About A Boy

by Shae on January 23, 2013

I pointed out yesterday that I don’t know what it’s like to have a son &  feel the limitation of  “The Blue Corner”. My friend Natalie (maker of the most delightful clothes at Moeder Kip ), who has a son,  wrote me a post.





When you’re in your own little community, it’s easy to think that the rest of the world is like-minded.


My son often wore pink as a baby, and none of our close friends would raise an eyebrow.

As a toddler, he discovered the joy of wearing skirts (and how much easier it was when toilet training!).


More recently, he’s realised that Tinkerbell isn’t out of place on the battlefield between Star Wars and Ninjago.




Now that he’s at school, he’s exposed to a lot more viewpoints. Not all of which we agree with.

And that’s ok.


For one, we don’t have all the answers. Raising a child is not simply about creating a mini-me.


And when it comes to the really important things, we have enough confidence in our parenting not to be disturbed or threatened by other perspectives.


In fact, we see it as a wonderful opportunity to discuss the big issues.


“Daddy, why can’t two men marry? Even if they really love each other?”

“Well, it doesn’t make much sense does it? We don’t really know why, but we’re working to change that”


“Mummy, is it true that fairies aren’t real?”

“Well, I know that some people don’t think so. But I believe. What do you think?”


However some questions are harder.


“Mummy, is it true that pink lego is only for girls?”

“Mummy, is it true that boys can’t wear skirts?”


I tell him no. It’s not true.


“But Mummy, what if the other kids tease me?”


What do I say?


Do I tell him that it doesn’t matter?  That self-preservation is not as important as making a stand?

That’s a pretty big responsibility to lay on a 5 year old.


Do I suggest he just wear pink when he’s at home, where the other kids can’t see him?

And in doing so teach him that it’s something to be hidden away?


That’s not how I want my son to view the world.


Because it not only restricts his possibilities, but it alsoteaches him that it’s shameful to be like a girl.


And I believe that when our sons can wear skirts without shame, our daughters will be a step closer to freedom.






So when the question comes up, I guess I’ll let him know that there’s nothing wrong with it.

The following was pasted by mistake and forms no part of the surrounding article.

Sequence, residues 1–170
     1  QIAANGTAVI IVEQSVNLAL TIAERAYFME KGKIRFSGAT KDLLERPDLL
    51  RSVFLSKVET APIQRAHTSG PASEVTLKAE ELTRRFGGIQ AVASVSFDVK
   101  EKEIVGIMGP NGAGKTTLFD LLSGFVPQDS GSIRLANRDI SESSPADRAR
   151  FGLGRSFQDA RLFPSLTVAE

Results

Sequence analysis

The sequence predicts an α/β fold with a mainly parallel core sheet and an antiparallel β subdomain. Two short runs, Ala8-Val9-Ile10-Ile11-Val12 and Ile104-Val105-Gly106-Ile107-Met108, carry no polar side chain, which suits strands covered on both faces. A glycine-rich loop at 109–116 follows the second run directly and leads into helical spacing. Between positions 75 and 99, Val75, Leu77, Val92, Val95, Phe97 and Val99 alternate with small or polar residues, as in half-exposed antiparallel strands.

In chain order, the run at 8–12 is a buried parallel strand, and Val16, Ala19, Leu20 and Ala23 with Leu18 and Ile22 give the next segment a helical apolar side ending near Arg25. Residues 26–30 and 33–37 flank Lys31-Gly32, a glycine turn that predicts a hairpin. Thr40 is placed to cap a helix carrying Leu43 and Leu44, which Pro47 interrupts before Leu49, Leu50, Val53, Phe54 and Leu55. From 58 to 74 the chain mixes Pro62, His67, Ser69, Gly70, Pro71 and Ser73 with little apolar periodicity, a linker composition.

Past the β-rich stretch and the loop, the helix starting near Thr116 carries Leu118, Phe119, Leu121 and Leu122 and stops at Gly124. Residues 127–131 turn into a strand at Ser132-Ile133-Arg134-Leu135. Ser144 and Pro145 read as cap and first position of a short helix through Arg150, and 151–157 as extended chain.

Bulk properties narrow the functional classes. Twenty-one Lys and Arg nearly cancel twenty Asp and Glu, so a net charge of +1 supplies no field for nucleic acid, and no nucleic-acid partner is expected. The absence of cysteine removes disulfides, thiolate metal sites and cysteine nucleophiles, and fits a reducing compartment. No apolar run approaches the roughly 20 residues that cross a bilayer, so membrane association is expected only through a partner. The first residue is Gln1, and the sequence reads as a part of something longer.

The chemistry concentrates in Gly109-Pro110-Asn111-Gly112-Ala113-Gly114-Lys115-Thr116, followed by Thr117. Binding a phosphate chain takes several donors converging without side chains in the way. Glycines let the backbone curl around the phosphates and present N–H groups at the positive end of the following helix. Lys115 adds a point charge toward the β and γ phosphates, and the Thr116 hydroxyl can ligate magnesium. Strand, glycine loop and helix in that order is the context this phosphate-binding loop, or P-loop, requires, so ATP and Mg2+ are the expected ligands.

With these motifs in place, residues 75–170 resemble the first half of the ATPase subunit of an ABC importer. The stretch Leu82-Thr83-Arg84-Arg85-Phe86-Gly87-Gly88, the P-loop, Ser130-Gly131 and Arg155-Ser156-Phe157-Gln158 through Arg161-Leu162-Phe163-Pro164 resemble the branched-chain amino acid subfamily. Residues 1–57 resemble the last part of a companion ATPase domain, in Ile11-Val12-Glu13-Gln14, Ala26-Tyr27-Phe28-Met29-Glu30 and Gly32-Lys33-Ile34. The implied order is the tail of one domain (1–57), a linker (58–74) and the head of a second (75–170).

But I won’t shy away from the fact that not everyone agrees.


Then if he decides it’s not a battle worth fighting, I’ll respect that.


And if he still wants to wear a skirt, and they tease him?


I’ll hold him.

I’ll wipe away his tears.

I’ll tell him that I love him.


And though my own heart will break a little, I’ll know that we’re doing our best.



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{ 8 comments… read them below or add one }

Deb @ Bright and Precious January 23, 2013 at 8:58 am

Beautiful post, Nat! I feel many similarities in my journey already in raising a boy. Love ALL of what you said. (And thanks Shae for sharing Nat’s words).


MoederKip January 23, 2013 at 9:31 am

Thanks Deb! Must be so interesting for you to bounce across both corners!


sally January 23, 2013 at 9:23 am

It is so hard to bring our children up into this stereotypical world. It sounds like you are doing a great job of exposing your son to a range of options. If he wants to continues to be hassled, please consider talking to your son’s teacher, most (not all unfortunately ) do want to help building students options in all areas.


MoederKip January 23, 2013 at 9:35 am

Thank you so much Sally.
Luckily we have a wonderful Montessori school where they deal with these things very well, and it hasn’t caused anything more than the occasional bed-time question session.
I also wonder though if he has it a bit easier because he loves wrestling and wargames as much as fairies and flowers? Is it tougher for those kids who go totally against societal expectations?


Kathy January 23, 2013 at 10:49 am

I really enjoyed reading this post. I have three children, two girls and a boy and I brought them up treating them all the same – dolls and cars for all, blue and pink for all, dresses and overalls for all. Once they started school my middle daughter quickly settled in to being a stereo typical girl while my eldest son and younger daughter continued to buck the trend and spent many years being teased and picked on. Now they are aged 30, 28 and 26, the middle stereotypical girl is married with two sons who are being brought up like stereotypical boys and the other two are gay and continue to be picked on in life.


Marita January 23, 2013 at 3:16 pm

Amazing post. Thank you for sharing the point of view of a mum with boys. We’ve got a friend like your son who believes in fairies, loves to play dress ups and it was sad to see him deflate when told by other children ‘boys don’t play fairies’. Thankfully he found his tribe within the school and they embraced his love of fairies.


Leah January 23, 2013 at 7:23 pm

Loved these last two posts. I take heart in that this seems to be a pendulum in our culture when it comes to this gender stuff, for at least the trappings of it all … pink was once for boys and skirts for all young children for example. Things loosen up one way and tighten in another when it comes to rolls, especially across classes. If our kids are educated and know not to take other people’s narrow-mindedness personally they will be alright :) We can build on our successes like votes for all and equal op legislation and be free to enjoy the gender froofroo whether it’s via opting in or out.


Pinky January 23, 2013 at 8:24 pm

Great post. As a mother of one daughter, when she tells me (learning from Pre-School kids) that only girls wear dresses…I say ‘No, some boys wear dresses too and that’s ok!’.
One weekend I had a Michael Jackson DVD on and she said to me ‘Mummy, some boys sound like girls and that’s ok!’. Haha


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